I think companies, that they only weigh too much on performance grading and not taking look at emotional intelligence, soft skills and everything else because those are the things, when you look at the research and data, separate out extraordinary people from people that are just very good.
Absolutely and I love the fact that you bring that up because it’s one of the things we see changing in business world, is that the companies that get that, the companies that understand that, feed that and make sure their employees have that need met and the results are absolutely amazing. And you see it across the board, where you get companies that you don’t a title, you can make up your title. Just little things that feed that emotional intelligence that affirms that aspect of humanity that’s, for so long been, removed from corporate America. So I love the fact that you’re actually talking about this with businesses out there because it’s huge. It’s really a game changer from the sense that when we get back to that connective-ness and diving into who we are and what makes us up, that it’s changes the entire face of business.
Yeah, because now they’re doing research and they’re showing that connection with other people is as critical as food, water, shelter, whatever the basic needs are. They’ve linked that connection, the literally, the connection of connectivity with other people to that level. So you need to build that in your organization and when you really take a look at what makes companies like Google like a number one work place, it’s that. People tend to look at the perks and everything else because that’s what people highlight because it seems sexy, but that’s really not what’s it. It’s that the engineers can spend 25% of their time working on stuff outside their own job and it’s okay. So then, they can actually be creative and they can harvest their creativity instead of having to stifle it and just do a job because they have to do it.
And then that makes them happier and they look around and they say where else can I work that I can get this. Nowhere. And even if someone offered me more money, significantly more, I know I wouldn’t be happy and then I wouldn’t have chance to discover and do anything, so why would I ever go anywhere else. And that’s the secret that goes on that people miss when you research and talk to people who there, been there for a long time and other similar organizations, the difference. And it’s the connectivity with the people.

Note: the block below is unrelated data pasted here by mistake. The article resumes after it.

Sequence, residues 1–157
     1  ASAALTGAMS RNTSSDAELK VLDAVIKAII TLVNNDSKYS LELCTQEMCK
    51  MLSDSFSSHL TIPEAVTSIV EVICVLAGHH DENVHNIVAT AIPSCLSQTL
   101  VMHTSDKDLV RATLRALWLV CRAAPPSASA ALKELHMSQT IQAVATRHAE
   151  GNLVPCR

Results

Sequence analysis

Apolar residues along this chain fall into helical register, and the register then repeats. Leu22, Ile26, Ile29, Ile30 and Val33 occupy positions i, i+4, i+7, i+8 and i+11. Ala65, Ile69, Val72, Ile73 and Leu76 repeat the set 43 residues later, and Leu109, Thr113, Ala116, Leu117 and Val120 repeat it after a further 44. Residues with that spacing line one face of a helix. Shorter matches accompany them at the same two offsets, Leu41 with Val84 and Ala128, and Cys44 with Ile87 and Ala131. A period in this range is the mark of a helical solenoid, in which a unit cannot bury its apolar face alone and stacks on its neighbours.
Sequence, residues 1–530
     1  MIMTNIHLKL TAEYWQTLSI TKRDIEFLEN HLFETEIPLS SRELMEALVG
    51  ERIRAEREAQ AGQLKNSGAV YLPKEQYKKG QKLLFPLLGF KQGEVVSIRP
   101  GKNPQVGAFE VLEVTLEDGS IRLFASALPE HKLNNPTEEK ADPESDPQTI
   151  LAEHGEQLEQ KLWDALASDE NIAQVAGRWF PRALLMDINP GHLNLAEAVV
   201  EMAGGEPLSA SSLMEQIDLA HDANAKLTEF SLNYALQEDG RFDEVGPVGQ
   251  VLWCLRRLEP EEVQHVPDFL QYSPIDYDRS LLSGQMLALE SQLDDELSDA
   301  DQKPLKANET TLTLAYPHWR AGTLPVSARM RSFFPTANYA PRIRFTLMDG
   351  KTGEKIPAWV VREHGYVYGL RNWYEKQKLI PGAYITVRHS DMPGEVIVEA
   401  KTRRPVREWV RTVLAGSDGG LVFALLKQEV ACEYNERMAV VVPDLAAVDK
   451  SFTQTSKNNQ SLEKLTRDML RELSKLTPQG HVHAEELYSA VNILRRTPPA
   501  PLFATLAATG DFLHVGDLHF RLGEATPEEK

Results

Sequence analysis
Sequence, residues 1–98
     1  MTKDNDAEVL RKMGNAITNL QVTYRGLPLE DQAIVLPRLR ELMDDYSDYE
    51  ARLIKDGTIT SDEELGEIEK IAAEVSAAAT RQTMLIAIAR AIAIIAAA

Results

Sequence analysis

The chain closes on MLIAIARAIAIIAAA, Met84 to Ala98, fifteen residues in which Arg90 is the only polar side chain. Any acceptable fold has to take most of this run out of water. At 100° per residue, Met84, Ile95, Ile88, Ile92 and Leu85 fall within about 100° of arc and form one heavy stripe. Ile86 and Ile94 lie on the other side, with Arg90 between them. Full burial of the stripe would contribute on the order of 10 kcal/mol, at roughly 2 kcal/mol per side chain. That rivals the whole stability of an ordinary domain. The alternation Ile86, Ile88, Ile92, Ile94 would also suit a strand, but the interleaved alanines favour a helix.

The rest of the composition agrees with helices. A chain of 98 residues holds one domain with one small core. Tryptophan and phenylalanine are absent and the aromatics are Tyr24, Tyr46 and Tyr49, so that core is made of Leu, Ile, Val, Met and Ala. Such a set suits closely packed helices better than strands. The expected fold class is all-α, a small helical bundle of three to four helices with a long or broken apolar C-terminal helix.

In fact, when I was doing research for my TED Talk, the number one factor, the only factor that they could across every single team that they looked at, and they spend three years, and I don’t, spent three or four million dollars and hired researchers to basically build the perfect team at Google. Like what would be characteristics and what would make it up? Would it be IQ? Would it be finding genius engineers, even the company in all engineers, but is it technical people? What is it?
Well the number one thing they found out, and the only thing was psychological safety. And psychological safety is basically a fancy word for vulnerability in a sense that people on these teams new each other in a personal way and what was going on in and what went on. They were able to ask controversial questions in the group to challenge anyone’s ideas and they were just able to ask questions without people getting snarky or getting mad or upset about what was going. And that was it. And they discovered it because one of the researchers came across a team where the manager told the rest of the team he had cancer and he didn’t know if he was going to make it or not. And they saw the teams performance climb and then they figured out that was it.
So really, when you look at it, it’s not some fancy ping pong table. It’s actually spending time getting to know people and their experiences. Where they’ve been and what they’ve done. Their highs and their lows. And then basically, you can recreate what they’ve done in that company without spending almost any money to do it.
Absolutely love it. Absolutely love it. And if you’re just joining, we’re talking to Jason Treu. He’s an executive coach and we’re talking about the transparent work culture. Jason, can you share with the listeners where they can find more information about you.
Sure. You can go to website. It’s JasonTreu.com.
Fantastic. And when we get back from the break, I want to explore you’re TED X Talk a little bit further and talk about your game, Cards against Mundanity. So stay with us, we’ll be right back.